I'm a frequent trader of SPYW, and I'm interested in learning how I can get my hands on something similar for foreign exchanges like SHCOMP and JPX. Can that be done with American brokers?

2 Answers 2


Have a look at FXI ETF options (China) and EWJ ETF options (Japan). These have very liquid options and are the most convenient US based way to trade volatility of foreign stock indices/markets.

You will find similar products for other countries too, such as EWZ for Brazil.

FXI and EWZ even have a volatility index like the VIX (same methodology) calculated and published by CBOE (VXFXI, VXEWZ), which is always a sign of good options liquidity.


How can I buy options for foreign stock indices?

Indicies can be traded in three ways:

  1. Futures Trading

    By buying and selling futures, or options on futures on the index. These are typically traded on a futures exchange.

  2. Trading ETFs

    By buying and selling Exchange Traded Funds (ETFs), or options on exchange traded funds. The ETFs are typically traded on a stock exchange (sometimes called a "cash market"). The options are usually traded on a separate exchange from the exchange that trades the ETFs - an options exchange.

    There are also mutual funds, investment trusts and 'tracker' funds, but these do not have options unless they are exchange traded.

  3. "Basket Trading" Stocks

    By buying and selling the individual (component) stocks as a group, or options on those stocks that make up the index. Again, the options are usually traded on a separate exchange from the exchange that trades the stock, and also traded on the same stock and options exchanges as the ETFs.

Typically futures and stocks are regulated differently (for example in the US, the SEC (Securities & Exchange Commission) regulate trading of stocks and options on stocks, while the CFTC (Commodities & Futures Trading Commission) regulate trading on futures, including equity index futures).

Futures tend to be less heavily regulated and therefore more accessible overseas though they tend to be oriented more towards the institutional investor, so the contract sizes tend to be large and the settlement and pricing methodologies quote complicated. For example, futures don't require up-front payment, but instead require daily payments of the difference between the price paid and the market price of the underlying security.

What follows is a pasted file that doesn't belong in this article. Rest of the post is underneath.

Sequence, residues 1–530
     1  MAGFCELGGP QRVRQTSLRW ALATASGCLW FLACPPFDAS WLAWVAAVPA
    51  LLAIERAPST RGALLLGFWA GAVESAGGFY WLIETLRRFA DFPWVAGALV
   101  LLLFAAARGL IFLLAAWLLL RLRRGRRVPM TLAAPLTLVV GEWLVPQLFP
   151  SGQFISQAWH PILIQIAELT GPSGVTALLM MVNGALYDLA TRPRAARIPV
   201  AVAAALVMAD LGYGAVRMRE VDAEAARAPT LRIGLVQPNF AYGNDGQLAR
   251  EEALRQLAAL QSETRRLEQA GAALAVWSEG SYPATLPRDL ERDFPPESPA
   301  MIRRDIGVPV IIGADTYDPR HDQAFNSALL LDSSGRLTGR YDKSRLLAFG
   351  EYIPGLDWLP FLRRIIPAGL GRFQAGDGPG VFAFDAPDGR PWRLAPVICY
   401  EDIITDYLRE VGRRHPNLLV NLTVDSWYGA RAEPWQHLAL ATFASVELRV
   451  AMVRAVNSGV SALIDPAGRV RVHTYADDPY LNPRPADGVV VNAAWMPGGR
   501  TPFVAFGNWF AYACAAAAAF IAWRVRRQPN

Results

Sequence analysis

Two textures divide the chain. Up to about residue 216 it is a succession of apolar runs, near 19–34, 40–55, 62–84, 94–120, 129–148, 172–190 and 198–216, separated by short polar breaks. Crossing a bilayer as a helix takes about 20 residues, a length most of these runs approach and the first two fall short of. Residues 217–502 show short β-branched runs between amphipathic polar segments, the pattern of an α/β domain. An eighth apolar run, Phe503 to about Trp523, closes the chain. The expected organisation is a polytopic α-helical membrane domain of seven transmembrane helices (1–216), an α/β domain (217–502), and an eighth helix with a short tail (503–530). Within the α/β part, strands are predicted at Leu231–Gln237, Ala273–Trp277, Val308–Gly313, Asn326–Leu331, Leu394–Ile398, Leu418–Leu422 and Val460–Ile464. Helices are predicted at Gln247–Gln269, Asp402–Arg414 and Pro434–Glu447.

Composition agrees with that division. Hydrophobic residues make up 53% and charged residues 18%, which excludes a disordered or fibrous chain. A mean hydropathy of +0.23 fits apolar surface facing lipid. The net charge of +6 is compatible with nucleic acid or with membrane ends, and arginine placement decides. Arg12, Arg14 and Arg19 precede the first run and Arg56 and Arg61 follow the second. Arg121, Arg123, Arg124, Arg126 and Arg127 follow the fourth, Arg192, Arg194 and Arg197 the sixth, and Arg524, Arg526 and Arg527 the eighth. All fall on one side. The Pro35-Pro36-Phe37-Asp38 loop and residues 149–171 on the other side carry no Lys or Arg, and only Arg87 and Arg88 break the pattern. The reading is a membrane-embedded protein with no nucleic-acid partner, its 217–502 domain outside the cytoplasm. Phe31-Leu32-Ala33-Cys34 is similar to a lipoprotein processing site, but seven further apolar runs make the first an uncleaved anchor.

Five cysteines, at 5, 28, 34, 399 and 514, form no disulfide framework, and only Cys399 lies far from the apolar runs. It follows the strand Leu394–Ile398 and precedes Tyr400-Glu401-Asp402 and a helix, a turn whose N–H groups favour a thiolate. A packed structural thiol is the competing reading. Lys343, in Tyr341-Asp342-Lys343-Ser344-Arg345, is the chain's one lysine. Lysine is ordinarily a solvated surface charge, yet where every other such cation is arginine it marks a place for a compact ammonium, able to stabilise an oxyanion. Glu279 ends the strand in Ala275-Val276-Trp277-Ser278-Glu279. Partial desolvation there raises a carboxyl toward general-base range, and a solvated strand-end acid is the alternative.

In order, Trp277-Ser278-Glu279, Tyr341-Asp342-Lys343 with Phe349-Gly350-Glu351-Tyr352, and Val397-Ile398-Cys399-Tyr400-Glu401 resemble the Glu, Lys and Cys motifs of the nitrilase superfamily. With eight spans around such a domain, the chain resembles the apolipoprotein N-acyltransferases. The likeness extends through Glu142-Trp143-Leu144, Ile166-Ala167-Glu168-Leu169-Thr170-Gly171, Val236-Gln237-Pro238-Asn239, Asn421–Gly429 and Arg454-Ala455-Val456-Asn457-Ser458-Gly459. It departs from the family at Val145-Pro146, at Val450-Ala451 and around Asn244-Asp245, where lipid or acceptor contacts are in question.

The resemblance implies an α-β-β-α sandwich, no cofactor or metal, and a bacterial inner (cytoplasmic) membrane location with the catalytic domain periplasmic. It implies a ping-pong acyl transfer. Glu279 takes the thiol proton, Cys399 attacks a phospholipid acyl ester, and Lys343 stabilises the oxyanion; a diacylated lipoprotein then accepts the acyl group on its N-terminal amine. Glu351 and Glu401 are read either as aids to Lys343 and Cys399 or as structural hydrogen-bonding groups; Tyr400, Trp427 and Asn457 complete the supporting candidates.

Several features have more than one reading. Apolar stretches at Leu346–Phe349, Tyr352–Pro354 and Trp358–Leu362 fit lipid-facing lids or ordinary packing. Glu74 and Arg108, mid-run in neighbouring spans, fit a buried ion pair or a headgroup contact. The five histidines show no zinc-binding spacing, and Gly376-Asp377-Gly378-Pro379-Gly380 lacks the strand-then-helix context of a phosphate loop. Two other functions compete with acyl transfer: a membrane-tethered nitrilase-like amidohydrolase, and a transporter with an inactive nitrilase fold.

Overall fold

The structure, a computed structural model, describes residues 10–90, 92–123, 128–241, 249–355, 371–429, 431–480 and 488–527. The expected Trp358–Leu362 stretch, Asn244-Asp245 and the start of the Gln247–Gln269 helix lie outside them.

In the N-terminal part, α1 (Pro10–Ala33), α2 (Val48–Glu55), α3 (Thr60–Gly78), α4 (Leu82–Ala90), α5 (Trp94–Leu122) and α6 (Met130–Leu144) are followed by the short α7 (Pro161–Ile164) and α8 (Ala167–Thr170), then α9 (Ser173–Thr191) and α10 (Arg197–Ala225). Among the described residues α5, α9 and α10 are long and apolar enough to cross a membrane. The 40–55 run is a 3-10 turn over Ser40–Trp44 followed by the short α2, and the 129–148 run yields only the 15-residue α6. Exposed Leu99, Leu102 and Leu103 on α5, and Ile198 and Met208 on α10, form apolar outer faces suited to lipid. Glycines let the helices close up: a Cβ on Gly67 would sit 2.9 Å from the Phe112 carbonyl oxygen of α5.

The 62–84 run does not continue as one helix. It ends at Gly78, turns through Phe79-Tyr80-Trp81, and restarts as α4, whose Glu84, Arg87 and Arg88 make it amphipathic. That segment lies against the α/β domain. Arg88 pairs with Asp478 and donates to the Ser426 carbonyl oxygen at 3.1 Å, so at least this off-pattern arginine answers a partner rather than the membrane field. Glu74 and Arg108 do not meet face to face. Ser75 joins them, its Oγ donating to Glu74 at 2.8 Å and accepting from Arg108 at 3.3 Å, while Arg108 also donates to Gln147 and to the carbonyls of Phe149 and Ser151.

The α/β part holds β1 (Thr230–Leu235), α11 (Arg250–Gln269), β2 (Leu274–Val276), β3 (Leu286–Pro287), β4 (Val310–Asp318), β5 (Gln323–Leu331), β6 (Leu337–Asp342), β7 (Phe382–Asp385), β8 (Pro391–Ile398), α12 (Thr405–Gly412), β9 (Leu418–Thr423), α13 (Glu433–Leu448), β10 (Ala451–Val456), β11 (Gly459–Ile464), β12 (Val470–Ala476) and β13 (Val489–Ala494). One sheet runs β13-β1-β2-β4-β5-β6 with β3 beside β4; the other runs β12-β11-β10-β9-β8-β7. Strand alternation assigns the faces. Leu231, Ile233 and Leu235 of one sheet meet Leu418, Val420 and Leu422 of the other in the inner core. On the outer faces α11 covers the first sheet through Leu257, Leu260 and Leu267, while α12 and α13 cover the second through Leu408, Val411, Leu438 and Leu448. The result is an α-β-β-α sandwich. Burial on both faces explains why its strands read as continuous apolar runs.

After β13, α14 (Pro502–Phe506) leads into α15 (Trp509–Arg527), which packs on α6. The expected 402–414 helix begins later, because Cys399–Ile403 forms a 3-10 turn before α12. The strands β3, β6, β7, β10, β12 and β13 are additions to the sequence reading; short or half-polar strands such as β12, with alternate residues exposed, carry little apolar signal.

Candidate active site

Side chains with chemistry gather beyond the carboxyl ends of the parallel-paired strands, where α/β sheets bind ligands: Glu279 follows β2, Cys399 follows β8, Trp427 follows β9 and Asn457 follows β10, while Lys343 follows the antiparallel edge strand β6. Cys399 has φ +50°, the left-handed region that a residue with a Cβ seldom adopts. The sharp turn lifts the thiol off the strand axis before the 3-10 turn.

Stocks and options on stocks tend to be more tightly regulated. For example the SEC prohibits US persons from buying options on stock from a non-SEC regulated options exchange (i.e. a foreign one).

Can that be done with American brokers?

If you are (1) a US person, and (2) you're buying stock or ETF options, then no you can only buy those that are listed on a US options exchange. The US futures markets tends to have listings for foreign indices but you should also be able to use a US broker to trade options on futures on European futures markets.

Some Examples

  • The Japanese Stock Market Index is the Nikkei 225.

    Futures on the Nikkei 225 can be traded on CME (US) EUREX (Germany), SGX (Singapore) and many other countries; There are also dozens of ETFs that try to replicate the nikkei 225 or similar benchmarks.

  • The CME trades the FTSE China 50 Index.

When choosing an index, you should look at how heavily traded the index is compared with the others (higher volume is usually better, taking price into account); the fees associated with the product, and the availability and spread for options on that index.

How I can get my hands on something similar...?

  • Identify the security that you wish to trade by reviewing the prospectus of potential candidates.
  • Find out what exchange(s) the product is traded on (usually detailed in the prospectus).
  • Look at the exchange's membership lists to see if your broker is there, or one that you wish to open an account with.
  • Consult your broker to see if they have the features that you want and the costs of transactions, etc. are appropriate, and if the products are suitable for you. They may ask you disclose personal financial information to help them make that determination.


Also - options are a risky product. So risky that a US securities broker is not allowed to discuss a specific options strategy with you until you have read and understood the OCC Risks & Disclosures Document.

https://www.theocc.com/components/docs/riskstoc.pdf (down for maintenance at the time of writing) http://www.goldmansachs.com/disclaimer/salesandtrading/theooc-doc.pdf (secondary link)

These also relate to equity and ETF options. Additional and different risks apply to futures and futures options. In many cases you can lose more money than you started with(!)

You must log in to answer this question.

Not the answer you're looking for? Browse other questions tagged .